You are hereHaiti
Defense launches online system to coordinate Haiti relief efforts
By Bob Brewin | Next Gov | Jan. 15, 2010
As personnel representing hundreds of government and nongovernment agencies from around the world rush to the aid of earthquake-devastated Haiti, the Defense Information Systems Agency has launched a Web portal with multiple social networking tools to aid in coordinating their efforts.
On Monday, Jean Demay, DISA's technical manager for the agency's Transnational Information Sharing Cooperation project, happened to be at the headquarters of the U.S. Southern Command in Miami preparing for a test of the system in a scenario that involved providing relief to Haiti in the wake of a hurricane. After the earthquake hit on Tuesday, Demay said SOUTHCOM decided to go live with the system. On Wednesday, DISA opened up its All Partners Access Network, supported by the Transnational Information Sharing Cooperation project, to any organization supporting Haiti relief efforts.
The information sharing project, developed with backing from both SOUTHCOM and the Defense Department's European Command, has been in development for three years. It is designed to facilitate multilateral collaboration between federal and nongovernmental agencies.
Demay said that since DISA set up a Haiti Humanitarian Assistance and Disaster Relief Community of Interest on APAN on Wednesday, almost 500 organizations and individuals have joined, including a range of Defense units and various nongovernmental organizations and relief groups. Read more.
If everything the United States does appears to be related to its imperial mission, that's because it's true. The “U.S. policy of putting the military in charge of, not only disaster relief, but foreign assistance in general, is an outgrowth of the collapse of the Soviet Union.” The attitude is, “If they want American aid, they'll have to accept the U.S. military presence.”
“U.S. governments regard masses of Black people, first, as potential threats to security, and only second as fellow human beings deserving of assistance.”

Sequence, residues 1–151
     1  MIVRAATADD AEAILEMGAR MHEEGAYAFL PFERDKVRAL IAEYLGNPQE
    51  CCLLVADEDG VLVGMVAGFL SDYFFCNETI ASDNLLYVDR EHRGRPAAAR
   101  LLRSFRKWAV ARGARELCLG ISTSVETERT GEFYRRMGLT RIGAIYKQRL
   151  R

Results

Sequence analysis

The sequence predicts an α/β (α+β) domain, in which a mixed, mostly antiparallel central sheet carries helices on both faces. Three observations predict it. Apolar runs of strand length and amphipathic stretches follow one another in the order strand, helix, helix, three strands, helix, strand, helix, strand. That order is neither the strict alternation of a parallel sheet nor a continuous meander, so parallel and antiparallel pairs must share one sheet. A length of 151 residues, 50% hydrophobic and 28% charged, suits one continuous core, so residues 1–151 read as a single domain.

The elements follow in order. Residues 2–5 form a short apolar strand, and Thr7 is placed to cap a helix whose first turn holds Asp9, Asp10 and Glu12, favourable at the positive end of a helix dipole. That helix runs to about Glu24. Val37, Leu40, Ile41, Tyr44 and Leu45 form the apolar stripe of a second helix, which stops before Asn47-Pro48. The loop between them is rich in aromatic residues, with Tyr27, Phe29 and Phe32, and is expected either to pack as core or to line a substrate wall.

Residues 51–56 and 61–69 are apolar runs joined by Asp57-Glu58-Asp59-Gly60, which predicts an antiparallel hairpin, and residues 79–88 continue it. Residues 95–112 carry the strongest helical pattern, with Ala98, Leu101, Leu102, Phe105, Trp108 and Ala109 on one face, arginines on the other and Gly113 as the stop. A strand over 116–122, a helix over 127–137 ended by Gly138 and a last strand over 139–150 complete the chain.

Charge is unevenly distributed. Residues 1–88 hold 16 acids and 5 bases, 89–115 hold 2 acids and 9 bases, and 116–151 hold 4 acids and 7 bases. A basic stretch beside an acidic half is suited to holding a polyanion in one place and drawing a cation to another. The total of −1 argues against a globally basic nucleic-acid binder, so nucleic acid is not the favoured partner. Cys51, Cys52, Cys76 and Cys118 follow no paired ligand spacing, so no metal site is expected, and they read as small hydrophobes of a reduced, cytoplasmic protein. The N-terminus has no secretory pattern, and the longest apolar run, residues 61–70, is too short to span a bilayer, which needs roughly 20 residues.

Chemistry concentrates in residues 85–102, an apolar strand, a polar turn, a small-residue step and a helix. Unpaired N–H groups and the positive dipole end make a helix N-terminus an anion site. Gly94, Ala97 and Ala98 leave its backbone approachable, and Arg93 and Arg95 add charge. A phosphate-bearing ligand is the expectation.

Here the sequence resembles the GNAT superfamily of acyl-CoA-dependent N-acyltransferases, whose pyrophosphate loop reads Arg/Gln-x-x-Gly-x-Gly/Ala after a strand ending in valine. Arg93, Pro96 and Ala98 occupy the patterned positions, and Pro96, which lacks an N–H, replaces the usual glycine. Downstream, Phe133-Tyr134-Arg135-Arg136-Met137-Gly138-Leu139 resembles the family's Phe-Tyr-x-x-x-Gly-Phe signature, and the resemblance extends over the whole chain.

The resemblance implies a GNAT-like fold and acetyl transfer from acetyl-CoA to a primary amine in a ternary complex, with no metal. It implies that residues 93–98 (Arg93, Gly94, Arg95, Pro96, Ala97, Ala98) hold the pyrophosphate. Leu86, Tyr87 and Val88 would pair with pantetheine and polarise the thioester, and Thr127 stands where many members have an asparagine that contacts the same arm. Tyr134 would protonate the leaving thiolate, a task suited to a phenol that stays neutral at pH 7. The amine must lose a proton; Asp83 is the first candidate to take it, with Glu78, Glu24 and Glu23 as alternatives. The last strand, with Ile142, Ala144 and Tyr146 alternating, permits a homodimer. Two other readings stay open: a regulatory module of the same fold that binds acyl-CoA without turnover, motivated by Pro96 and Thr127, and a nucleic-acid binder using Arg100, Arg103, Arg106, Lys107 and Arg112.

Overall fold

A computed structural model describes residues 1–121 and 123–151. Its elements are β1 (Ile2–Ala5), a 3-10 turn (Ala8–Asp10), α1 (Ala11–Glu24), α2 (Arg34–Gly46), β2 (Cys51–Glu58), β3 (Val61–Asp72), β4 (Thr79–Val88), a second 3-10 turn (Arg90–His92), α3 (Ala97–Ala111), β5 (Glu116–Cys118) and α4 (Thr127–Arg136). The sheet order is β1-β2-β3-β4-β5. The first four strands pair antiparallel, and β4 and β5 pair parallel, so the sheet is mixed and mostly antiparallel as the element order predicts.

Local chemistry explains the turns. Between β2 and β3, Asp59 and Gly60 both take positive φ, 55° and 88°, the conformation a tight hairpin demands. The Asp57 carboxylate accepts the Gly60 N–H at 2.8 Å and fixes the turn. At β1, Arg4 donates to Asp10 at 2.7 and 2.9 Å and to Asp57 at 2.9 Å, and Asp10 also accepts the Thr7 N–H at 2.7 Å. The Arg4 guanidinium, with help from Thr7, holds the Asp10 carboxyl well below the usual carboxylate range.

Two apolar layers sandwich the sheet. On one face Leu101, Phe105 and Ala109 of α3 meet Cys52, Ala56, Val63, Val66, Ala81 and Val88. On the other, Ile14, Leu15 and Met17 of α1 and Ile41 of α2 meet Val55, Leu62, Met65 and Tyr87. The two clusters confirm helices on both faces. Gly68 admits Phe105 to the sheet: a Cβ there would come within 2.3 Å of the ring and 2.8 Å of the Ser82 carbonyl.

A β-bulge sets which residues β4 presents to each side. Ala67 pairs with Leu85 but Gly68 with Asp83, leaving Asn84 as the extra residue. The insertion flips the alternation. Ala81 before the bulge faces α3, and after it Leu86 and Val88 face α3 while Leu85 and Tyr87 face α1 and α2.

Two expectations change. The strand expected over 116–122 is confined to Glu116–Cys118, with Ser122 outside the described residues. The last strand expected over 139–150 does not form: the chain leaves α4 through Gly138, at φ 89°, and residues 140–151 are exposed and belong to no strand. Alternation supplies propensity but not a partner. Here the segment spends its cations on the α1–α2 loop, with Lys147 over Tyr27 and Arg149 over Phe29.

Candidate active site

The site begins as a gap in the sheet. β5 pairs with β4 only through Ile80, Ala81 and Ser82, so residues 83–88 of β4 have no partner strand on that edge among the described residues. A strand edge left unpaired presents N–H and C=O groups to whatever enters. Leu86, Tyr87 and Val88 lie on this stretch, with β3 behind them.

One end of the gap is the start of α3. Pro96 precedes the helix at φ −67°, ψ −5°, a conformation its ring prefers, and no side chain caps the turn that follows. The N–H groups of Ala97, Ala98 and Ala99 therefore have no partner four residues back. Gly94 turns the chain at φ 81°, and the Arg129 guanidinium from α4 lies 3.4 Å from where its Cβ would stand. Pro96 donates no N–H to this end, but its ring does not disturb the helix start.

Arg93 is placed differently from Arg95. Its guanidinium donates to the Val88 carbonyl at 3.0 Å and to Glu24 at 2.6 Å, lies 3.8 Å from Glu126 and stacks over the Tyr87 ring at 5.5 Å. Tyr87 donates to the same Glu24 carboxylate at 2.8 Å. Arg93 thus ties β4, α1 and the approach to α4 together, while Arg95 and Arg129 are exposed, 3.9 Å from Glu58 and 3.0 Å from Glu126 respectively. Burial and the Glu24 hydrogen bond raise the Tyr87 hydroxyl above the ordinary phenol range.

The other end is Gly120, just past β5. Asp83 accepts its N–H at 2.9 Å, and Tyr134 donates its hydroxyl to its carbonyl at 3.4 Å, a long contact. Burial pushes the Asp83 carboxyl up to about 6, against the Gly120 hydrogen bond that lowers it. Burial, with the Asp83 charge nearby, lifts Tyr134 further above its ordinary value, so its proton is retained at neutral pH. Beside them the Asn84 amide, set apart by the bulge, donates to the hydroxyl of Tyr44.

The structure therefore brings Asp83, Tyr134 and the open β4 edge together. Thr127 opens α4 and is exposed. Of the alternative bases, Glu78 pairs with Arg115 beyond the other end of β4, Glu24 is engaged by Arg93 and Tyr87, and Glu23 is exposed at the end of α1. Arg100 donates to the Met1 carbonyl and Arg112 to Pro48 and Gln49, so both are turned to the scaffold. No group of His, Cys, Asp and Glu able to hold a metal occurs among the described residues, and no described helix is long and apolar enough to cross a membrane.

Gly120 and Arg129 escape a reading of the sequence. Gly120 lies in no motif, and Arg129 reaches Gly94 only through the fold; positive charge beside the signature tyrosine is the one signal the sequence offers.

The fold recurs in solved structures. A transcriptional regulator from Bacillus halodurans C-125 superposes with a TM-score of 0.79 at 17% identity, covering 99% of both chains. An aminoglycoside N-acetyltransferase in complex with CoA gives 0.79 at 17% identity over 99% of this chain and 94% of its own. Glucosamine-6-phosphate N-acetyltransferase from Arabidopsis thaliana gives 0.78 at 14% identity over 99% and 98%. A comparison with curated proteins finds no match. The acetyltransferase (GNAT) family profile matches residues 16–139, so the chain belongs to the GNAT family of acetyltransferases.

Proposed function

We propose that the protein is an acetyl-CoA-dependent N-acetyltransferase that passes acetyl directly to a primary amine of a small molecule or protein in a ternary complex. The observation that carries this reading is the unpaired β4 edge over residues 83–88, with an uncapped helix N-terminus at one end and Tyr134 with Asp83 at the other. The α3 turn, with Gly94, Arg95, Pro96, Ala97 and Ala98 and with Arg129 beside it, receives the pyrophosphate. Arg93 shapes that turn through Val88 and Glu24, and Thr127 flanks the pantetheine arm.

It is understandable that many African Americans are making comparisons between the militarized character of the U.S. intervention in Haiti’s earthquake disaster and the federal government’s largely military response to the Katrina catastrophe in New Orleans, four and a half years ago. It is quite reasonable to conclude that the U.S. government is more concerned about law and order issues than in attending to the immediate needs of desperate disaster victims – especially when the victims are Black. History tells us that U.S. governments regard masses of Black people, first, as potential threats to security, and only second as fellow human beings deserving of assistance. Nevertheless, the heavy-handed militarization of U.S. disaster aid to Haiti should be seen in a larger context. As a matter of established American policy, the military has been assigned prime responsibility for U.S. foreign disaster relief, worldwide. Read more, listen to more commentary on this at Black Agenda Radio.
Breaking: Haiti Capital Hit By Earthquake Measuring 6.0 - According to ABC News Bulletin Banner - More Info Soon
A strong earthquake struck Haiti on Wednesday morning, shaking buildings and sending screaming people running into the streets only eight days after the country's capital was devastated by a previous quake.
The U.S. Geological Survey said the 6.1 magnitude quake hit at 6:03 a.m. (1103 GMT) about 35 miles northwest of the capital of Port-au-Prince. It struck at a depth of 13.7 miles but was located too far inland to generate any tidal waves in the Caribbean.
Wails of terror rose Wednesday from frightened survivors of the apocalyptic quake that struck eight days ago as people as people poured out of unstable buildings. Read more.
By Cynthia McKinney
President Obama's response to the tragedy in Haiti has been robust in military deployment and puny in what the Haitians need most: food; first responders and their specialized equipment; doctors and medical facilities and equipment; and engineers, heavy equipment, and heavy movers. Sadly, President Obama is dispatching Presidents Bush and Clinton, and thousands of Marines and U.S. soldiers. By contrast, Cuba has over 400 doctors on the ground and is sending in more; Cubans, Argentinians, Icelanders, Nicaraguans, Venezuelans, and many others are already on the ground working--saving lives and treating the injured. Senegal has offered land to Haitians willing to relocate to Africa.
By Larry Rousseau
As the Haitian people slowly trail from graveyards to facing everyday challenges of survival and reconstruction, I wonder about the strategic interests of the Haitian nation. How did Haiti get to where it is today, where even without the earthquake the country was basically a basket case, trying desperately to climb out of lethargic if not paralytic crisis?
U.S. Air Force drops 55,000 pounds of food, water into Haiti
By Larry Shaughnessy | CNN
Bypassing the gridlock of Haiti's main airport and congestion of roadways in the earthquake-ravaged country, the U.S. military delivered badly needed food and water on Monday by parachute.
A C-17 cargo plane left Pope Air Force Base in North Carolina shortly after noon, and three hours later dropped 40 pallets -- or "bundles" as the Air Force refers to them as -- holding bottled water and Meals, Ready-to-Eat, or MREs, on a field just north of the Port-au-Prince airport in Haiti.